Archive for category Linear algebra

Linear algebra in C/C++ using Eigen

I’ve recently started using the free, open-source library Eigen for linear algebra routines in C/C++. The library is absolutely fantastic in terms of perfomance and functionality, however, as is sometimes the case with open-source software, the API documentation is somewhat lacking. If I get some time in the future I hope to contribute a few articles to the online documentation. Here is an example of what I mean.

Suppose you want to do a QR decomposition of a matrix X. There are three classes that can do this for you, one of which is ColPivHouseholderQR, and you may write something like

// perform a QR decomposition of the [n x p] X matrix; where n > p
Eigen::ColPivHouseholderQR< Eigen::MatrixXd > qr = X.colPivHouseholderQr();

Seems fairly straightforward, right? But, how do we get Q and R? If we look at the online documentation for ColPivHouseholderQR, we find a public method called matrixQR() which seems to return a reference to a matrix related to Q and R in some fashion. The documentation doesn’t state anything about how to get Q and R from the returned matrix. It turns out, that the matrix returned by matrixQR() contains both Q and R, with R occupying the ‘top’ block and Q the ‘bottom’ block. Thus, to get, say, R we need to use something like

// perform a QR decomposition of the [n x p] X matrix; where n > p
Eigen::ColPivHouseholderQR< Eigen::MatrixXd > qr = X.colPivHouseholderQr();  
Eigen::Matrix<double,p,p> R; 
R = qr.matrixQR().topRightCorner(p,p).triangularView<Eigen::Upper>();	// R matrix

Here, topRightCorner() extracts the matrix of interest and triangularView() ensures that R is stored as an upper triangular dense matrix.

It didn’t take too long to figure out how QR works in Eigen. After discovering the solution I found a post on the Eigen forum that describes a similar solution to the aforementioned. I urge anyone who uses Eigen to contribute code and documentation to the project, if possible. It really is a fantastic open-source library and equals and surpasses many other commercial linear algebra packages in both performance and quality.

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Fisher Information in Single Factor Analysis

The single factor analysis model for data \{ {\bf x}_1, {\bf x}_2, \ldots, {\bf x}_n \} is

 {\bf x}_i  = {\bf m} + v_i {\bf a} + \boldsymbol{\epsilon}_i \quad \; (i=1,2,\ldots,n),

where {\bf x}_i \in \mathbb{R}^k, \boldsymbol{\epsilon}_i is an i.i.d. zero-mean multivariate Gaussian random variable with a symmetric, positive definite variance-covariance matrix \boldsymbol{\Sigma} \in \mathbb{R}^{k \times k}; that is, \boldsymbol{\epsilon}_i \sim {\rm N}_k({\bf 0}, \boldsymbol{\Sigma}) for all i=1,2,\ldots,n. It is thus assumed that each data vector {\bf x}_i follows a k-variate Gaussian distribution with moments

	{\rm E} \{ {\bf x}_i \} = {\bf m} + v_i {\bf a},

	{\rm Var} \{ {\bf x} \} = \boldsymbol{\Sigma}.

The aim of single factor analysis is to estimate the unknown factor scores {\bf v} = (v_1, v_2, \ldots, v_n)^\prime \in \mathbb{R}^n, the mean {\bf m} = (m_1,m_2, \ldots, m_k)^\prime \in \mathbb{R}^k, the variance-covariance matrix \boldsymbol{\Sigma} and the factor loadings {\bf a} = (a_1, a_2, \ldots, a_k)^\prime \in \mathbb{R}^k.

I’ve written this note to show how one may derive the Fisher information for the single factor model. This turns out to be a fairly involved task requiring a lot of linear algebra and matrix differential calculus identities. I’ve uploaded a document describing all the necessary mathematical steps to the Publications section. Anyone interested in matrix differential calculus and linear algebra should find it useful.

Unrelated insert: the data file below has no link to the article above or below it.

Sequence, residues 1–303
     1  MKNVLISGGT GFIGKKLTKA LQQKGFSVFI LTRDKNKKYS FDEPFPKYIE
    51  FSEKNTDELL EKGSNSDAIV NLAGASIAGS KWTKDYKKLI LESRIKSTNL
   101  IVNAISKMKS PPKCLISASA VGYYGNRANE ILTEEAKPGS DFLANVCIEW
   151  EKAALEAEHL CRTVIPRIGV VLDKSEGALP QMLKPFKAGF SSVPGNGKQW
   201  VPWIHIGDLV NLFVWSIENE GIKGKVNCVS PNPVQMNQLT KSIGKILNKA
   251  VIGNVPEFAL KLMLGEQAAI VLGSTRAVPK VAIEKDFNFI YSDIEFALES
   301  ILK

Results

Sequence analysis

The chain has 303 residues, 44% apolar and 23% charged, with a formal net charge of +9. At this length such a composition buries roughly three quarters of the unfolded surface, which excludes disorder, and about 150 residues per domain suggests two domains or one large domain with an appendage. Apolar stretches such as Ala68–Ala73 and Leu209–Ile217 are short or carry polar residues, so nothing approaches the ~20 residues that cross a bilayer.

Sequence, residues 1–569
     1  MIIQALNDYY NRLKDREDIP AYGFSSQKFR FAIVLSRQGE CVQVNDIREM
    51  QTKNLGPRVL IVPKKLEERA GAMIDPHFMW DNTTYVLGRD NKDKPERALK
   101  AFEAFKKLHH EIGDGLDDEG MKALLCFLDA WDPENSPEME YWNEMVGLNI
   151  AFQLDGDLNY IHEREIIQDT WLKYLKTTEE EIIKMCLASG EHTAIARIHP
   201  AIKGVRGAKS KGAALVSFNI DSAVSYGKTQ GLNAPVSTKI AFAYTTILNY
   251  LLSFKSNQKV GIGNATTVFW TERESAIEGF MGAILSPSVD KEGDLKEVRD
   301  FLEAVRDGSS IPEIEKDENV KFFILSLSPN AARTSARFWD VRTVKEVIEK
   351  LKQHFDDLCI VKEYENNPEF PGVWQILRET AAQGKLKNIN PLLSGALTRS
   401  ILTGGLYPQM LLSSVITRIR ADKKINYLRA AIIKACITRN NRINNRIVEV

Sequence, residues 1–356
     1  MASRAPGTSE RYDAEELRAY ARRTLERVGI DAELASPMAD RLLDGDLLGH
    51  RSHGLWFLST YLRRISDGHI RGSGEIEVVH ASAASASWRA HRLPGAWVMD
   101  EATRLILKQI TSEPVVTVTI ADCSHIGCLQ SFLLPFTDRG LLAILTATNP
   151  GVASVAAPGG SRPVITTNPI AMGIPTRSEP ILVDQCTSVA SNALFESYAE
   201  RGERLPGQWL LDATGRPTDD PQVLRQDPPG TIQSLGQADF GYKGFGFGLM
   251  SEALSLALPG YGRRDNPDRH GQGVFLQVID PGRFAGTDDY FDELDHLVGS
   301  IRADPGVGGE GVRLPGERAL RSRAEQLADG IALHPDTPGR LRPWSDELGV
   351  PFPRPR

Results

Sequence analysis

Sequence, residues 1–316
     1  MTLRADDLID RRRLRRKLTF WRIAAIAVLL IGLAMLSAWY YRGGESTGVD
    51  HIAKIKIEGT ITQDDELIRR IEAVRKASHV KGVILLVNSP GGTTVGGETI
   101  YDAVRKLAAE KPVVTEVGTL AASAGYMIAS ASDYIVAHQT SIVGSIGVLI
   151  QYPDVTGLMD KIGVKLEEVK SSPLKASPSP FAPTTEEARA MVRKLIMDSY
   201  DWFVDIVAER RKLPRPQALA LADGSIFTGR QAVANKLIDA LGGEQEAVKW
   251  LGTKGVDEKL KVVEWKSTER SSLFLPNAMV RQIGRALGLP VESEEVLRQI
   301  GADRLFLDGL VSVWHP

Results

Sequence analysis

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Matrix inversion lemma

The other day at work I came across an interesting problem while trying to optimise some MATLAB MCMC sampling code. The major bottleneck in the code was the inversion of a [p x p] matrix M, where p can be quite large (in the order of thousands). Now, I noticed that M can be written as

 {\bf M} = {\bf A} + {\bf X} {\bf G} {\bf X}^{T}

where A is a diagonal [p x p] matrix, X is [p x n] and G is a full rank diagonal [n x n] matrix. In my setting, p could be much larger than n and speed is important since this particular code is executed numerous times within a loop. I immediately thought about using the matrix inversion lemma (or the Sherman–Morrison–Woodbury formula) to speed up the inversion when p >> n. However, it turns out that in my case the matrix A is

 {\bf A} = {\rm diag}(0, a_1, \ldots, a_{p-1})

which is of rank (p – 1) and singular, so the matrix inversion lemma cannot be applied in a straightforward manner. After talking to a colleague about this issue, he suggested a nice trick to make A full rank by replacing the top-left zero element with a non-zero entry, and then changing X and G to correct for this modification. If we apply this trick, we can write M as

 {\bf M} = \underbrace{\left({\bf A} - {\bf e} {\bf e}^T\right)}_{{\bf A}_*} + \left({\bf e} \; \; {\bf X}\right) \left(  \begin{array}{cc}  1         & {\bf 0}^T \\  {\bf 0} & {\bf G}  \end{array}\right)  \left(  \begin{array}{cc}  {\bf e}^T\\  {\bf X}^T  \end{array} \right)

where e = (1, 0, …, 0) is a [p x 1] vector. Application of the matrix inversion lemma is now straightforward and reduces the computational cost of inverting M from O(p^3) to O(n^3). I did some rough timing of the new code and it is (unsurprisingly) significantly faster than the previous version when p / n gets large. I’ve updated my Bayesian LASSO code for logistic regression (see Publications) to include this neat trick.

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